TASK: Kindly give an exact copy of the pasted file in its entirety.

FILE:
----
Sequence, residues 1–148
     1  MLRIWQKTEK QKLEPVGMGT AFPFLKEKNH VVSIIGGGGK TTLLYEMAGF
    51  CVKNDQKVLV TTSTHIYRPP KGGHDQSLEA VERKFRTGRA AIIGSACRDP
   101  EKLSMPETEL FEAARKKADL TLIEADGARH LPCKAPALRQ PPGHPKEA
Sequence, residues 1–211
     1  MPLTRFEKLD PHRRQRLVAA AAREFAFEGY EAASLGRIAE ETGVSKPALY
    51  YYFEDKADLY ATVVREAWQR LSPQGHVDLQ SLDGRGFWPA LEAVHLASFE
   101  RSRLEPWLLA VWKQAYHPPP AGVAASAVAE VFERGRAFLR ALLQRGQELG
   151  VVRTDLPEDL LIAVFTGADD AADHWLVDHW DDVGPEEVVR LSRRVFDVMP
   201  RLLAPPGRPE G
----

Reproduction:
Sequence, residues 1–148
     1  MLRIWQKTEK QKLEPVGMGT AFPFLKEKNH VVSIIGGGGK TTLLYEMAGF
    51  CVKNDQKVLV TTSTHIYRPP KGGHDQSLEA VERKFRTGRA AIIGSACRDP
   101  EKLSMPETEL FEAARKKADL TLIEADGARH LPCKAPALRQ PPGHPKEA
Sequence, residues 1–211
     1  MPLTRFEKLD PHRRQRLVAA AAREFAFEGY EAASLGRIAE ETGVSKPALY
    51  YYFEDKADLY ATVVREAWQR LSPQGHVDLQ SLDGRGFWPA LEAVHLASFE
   101  RSRLEPWLLA VWKQAYHPPP AGVAASAVAE VFERGRAFLR ALLQRGQELG
   151  VVRTDLPEDL LIAVFTGADD AADHWLVDHW DDVGPEEVVR LSRRVFDVMP
   201  RLLAPPGRPE G